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I've been practicing my ladder stitch. It's a sewing method used to repair seams invisibly. I have used this stitch many times on qu...

Monday, August 29, 2016

The top picture shows the result of combining 7 postage stamp blocks. 2 were cut on the diagonal to make the triangle sides. It made an interesting 8 sided table mat. I can see myself using this on the antique round oak table I have that belonged to my grandparents and also that my father was baptized on. The mat is backed with yellow print fabric and bound in white.

Saturday, August 27, 2016

The dresden plate square is finished and made into a 16 inch pillow. I added a round crocheted piece to the center, then attached buttons at the  points of the lace and one in the center. The buttons are attached with the same colors of embroidery floss that I used to embellish the blades of the plate. I really like the way it turned out.

Wednesday, August 24, 2016

Well, I have rethought the plan to make the snowball and stars quilt into a square. I called it four pointed star in an earlier post before I realized my mistake. It's much more conducive to a small twin bed quilt. I do need to decide how to finish the edges. It feels to me like it does not need a border.
Here's a picture:

80 by 52 inches
The muslin is very light and very clean. The hand piecing is fairly even so I won't be picking out any seams. The row at the top is unfinished so I will remove it. 5 rows from the top, half of the seam is unfinished. Since the rest of the quilt is hand pieced, I will hand sew the seam as best I can. The next step will be to find suitable backing, I'll let you know how it turns out.

Tuesday, August 23, 2016

While I'm still on baby watch for our daughter's twins, I am also preparing to lecture at the Wisconsin Quilt Expo.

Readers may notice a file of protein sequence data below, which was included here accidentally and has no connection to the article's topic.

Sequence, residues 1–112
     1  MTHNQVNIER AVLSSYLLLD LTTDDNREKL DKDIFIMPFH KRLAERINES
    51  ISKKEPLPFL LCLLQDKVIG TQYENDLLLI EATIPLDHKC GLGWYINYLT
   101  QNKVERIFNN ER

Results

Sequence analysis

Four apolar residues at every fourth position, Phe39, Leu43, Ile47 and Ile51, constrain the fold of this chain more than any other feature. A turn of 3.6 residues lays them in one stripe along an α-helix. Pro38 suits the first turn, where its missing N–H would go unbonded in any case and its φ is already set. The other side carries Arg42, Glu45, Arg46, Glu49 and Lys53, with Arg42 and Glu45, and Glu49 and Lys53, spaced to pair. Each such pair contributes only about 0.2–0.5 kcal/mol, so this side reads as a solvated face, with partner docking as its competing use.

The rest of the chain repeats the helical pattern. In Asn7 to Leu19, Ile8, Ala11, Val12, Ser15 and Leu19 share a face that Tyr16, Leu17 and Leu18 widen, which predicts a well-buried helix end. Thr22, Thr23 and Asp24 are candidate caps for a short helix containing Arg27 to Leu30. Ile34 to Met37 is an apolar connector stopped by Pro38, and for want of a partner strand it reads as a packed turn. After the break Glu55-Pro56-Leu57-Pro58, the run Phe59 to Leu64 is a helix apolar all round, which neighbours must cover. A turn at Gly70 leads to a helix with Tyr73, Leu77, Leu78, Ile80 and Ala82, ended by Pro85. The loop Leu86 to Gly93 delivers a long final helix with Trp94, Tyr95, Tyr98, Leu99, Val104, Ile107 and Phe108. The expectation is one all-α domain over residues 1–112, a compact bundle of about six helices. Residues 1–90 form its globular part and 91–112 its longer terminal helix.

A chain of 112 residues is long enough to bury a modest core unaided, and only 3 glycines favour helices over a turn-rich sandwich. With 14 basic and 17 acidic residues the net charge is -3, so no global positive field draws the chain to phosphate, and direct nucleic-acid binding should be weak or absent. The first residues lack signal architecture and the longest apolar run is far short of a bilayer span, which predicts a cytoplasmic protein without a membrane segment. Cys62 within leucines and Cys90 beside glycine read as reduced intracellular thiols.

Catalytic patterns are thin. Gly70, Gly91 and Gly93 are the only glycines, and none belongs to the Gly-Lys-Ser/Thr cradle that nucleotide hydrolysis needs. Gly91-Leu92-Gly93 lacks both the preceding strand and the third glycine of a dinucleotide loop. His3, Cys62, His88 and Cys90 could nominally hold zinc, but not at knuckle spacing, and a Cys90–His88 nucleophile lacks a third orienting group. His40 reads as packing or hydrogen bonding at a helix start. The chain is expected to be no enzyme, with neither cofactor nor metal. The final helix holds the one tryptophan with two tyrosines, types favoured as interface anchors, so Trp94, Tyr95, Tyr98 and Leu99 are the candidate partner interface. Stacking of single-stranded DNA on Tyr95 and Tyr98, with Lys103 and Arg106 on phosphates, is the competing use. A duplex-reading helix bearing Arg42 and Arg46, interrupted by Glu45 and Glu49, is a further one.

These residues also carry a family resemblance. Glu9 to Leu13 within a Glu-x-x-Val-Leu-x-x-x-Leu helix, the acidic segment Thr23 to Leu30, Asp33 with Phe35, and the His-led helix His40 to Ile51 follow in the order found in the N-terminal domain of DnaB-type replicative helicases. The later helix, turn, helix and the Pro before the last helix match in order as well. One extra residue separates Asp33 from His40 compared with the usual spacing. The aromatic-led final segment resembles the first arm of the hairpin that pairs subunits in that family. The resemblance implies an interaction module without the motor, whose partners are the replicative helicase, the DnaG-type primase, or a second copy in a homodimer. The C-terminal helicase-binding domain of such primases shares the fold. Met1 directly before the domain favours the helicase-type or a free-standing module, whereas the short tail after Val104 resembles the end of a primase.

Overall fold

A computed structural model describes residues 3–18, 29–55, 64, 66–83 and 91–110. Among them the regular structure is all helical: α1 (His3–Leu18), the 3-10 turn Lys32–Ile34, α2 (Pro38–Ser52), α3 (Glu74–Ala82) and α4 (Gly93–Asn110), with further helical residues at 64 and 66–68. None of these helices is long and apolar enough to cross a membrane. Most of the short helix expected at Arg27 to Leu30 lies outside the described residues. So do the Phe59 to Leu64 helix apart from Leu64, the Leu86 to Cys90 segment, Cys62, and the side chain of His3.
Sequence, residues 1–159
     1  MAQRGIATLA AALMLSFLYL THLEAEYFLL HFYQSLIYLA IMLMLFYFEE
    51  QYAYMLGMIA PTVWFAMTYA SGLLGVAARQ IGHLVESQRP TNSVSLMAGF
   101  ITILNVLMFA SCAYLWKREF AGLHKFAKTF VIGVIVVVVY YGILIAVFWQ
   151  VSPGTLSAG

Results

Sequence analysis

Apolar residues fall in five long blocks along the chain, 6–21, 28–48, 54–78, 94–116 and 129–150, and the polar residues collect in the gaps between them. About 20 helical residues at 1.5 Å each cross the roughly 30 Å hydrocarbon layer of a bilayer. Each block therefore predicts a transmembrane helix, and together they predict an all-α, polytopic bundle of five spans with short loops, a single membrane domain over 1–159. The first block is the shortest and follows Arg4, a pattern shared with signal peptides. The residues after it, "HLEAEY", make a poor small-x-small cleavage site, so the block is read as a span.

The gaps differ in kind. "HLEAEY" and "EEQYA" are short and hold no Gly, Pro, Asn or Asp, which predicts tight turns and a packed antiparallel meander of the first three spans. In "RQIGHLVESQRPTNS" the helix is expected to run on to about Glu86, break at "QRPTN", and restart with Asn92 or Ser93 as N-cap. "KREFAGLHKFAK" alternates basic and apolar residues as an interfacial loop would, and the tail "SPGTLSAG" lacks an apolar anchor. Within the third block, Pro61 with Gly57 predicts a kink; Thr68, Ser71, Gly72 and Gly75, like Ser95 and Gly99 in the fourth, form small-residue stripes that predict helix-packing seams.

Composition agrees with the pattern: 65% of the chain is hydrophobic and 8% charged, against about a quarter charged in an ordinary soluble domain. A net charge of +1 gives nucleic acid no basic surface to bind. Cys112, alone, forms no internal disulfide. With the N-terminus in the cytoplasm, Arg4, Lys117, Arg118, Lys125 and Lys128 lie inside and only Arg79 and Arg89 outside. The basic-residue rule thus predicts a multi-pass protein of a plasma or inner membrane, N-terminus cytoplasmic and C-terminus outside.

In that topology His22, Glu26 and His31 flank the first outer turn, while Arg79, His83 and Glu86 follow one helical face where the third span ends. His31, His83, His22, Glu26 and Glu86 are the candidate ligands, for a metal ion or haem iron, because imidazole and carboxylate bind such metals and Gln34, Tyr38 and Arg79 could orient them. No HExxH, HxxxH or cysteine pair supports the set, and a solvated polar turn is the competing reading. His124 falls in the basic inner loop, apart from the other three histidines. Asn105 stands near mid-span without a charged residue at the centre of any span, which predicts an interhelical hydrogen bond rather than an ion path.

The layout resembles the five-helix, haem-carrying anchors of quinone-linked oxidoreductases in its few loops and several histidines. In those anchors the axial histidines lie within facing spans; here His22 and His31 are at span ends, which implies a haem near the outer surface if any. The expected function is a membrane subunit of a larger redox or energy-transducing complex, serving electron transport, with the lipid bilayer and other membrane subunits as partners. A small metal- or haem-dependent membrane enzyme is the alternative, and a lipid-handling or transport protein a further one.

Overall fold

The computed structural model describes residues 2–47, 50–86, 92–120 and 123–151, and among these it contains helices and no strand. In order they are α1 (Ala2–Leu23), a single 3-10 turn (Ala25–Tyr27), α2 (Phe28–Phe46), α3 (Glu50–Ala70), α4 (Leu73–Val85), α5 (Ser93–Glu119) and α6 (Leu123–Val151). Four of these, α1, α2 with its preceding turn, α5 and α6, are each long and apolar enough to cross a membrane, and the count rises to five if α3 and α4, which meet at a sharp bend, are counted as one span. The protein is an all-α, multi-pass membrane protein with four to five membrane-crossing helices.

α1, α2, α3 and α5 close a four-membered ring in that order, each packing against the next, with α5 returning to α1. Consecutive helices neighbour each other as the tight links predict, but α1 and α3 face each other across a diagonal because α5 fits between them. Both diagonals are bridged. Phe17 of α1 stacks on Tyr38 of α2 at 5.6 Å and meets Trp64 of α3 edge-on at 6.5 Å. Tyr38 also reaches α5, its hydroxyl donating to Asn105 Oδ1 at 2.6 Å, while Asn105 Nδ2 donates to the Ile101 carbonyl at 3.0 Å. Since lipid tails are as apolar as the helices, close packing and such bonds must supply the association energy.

My lecture (entitled "Treasures from Cast-offs") is all about rescuing unfinished pieced blocks and quilt tops and turning them into usable items. I just found several more items to add to my collection. One is a quilt top found at an antique store in Minocqua, Wisconsin. It is hand pieced in a four pointed star pattern with muslin background and a lovely collection of prints that surely came from someone's scrap bag. It's an odd shape, much longer than wide but I think I can reshape it into a square for a table cover.
The second find is four crazy quilt squares that are about 12 inches square, made with a collection of fabrics sewn to muslin backing and embellished with embroidery. They will make a lovely table runner. At least that's my first idea.
I really enjoy thinking about the makers of these items as I look them over and decide what to do with them. I imagine the women who made them with bits and pieces, no rotary cutters and few patterns except those handed around the community or published in magazines. I admire their creativity as they endeavored to bring beauty into the lives of their families. I thank them for their legacy and hope that my efforts to extend the lives of their creations will honor them.

Tuesday, August 16, 2016

The baby quilts I mentioned in an earlier post are getting closer to completion. One is finished. The other is pieced but waiting for batting and backing. Here is the one that is finished.

Piecing chevron quilts is easy until you add the vertical sashing. It's trickier that I thought it would be to align the chevrons horizontally. This one isn't perfect but close enough. I'd never get them done at all if I kept ripping and resewing.

Sunday, August 14, 2016

I 'm back from Montana and the beautiful mountain wedding of a friend's daughter. It was all beautiful and a great deal of fun.

I often see quilts that are designed from the inspiration of nature. This country is so magnificent from coast to coast, border to border. It's no wonder that American quilters find design influence from their surroundings. Someone should host a show of quilts with that in mind.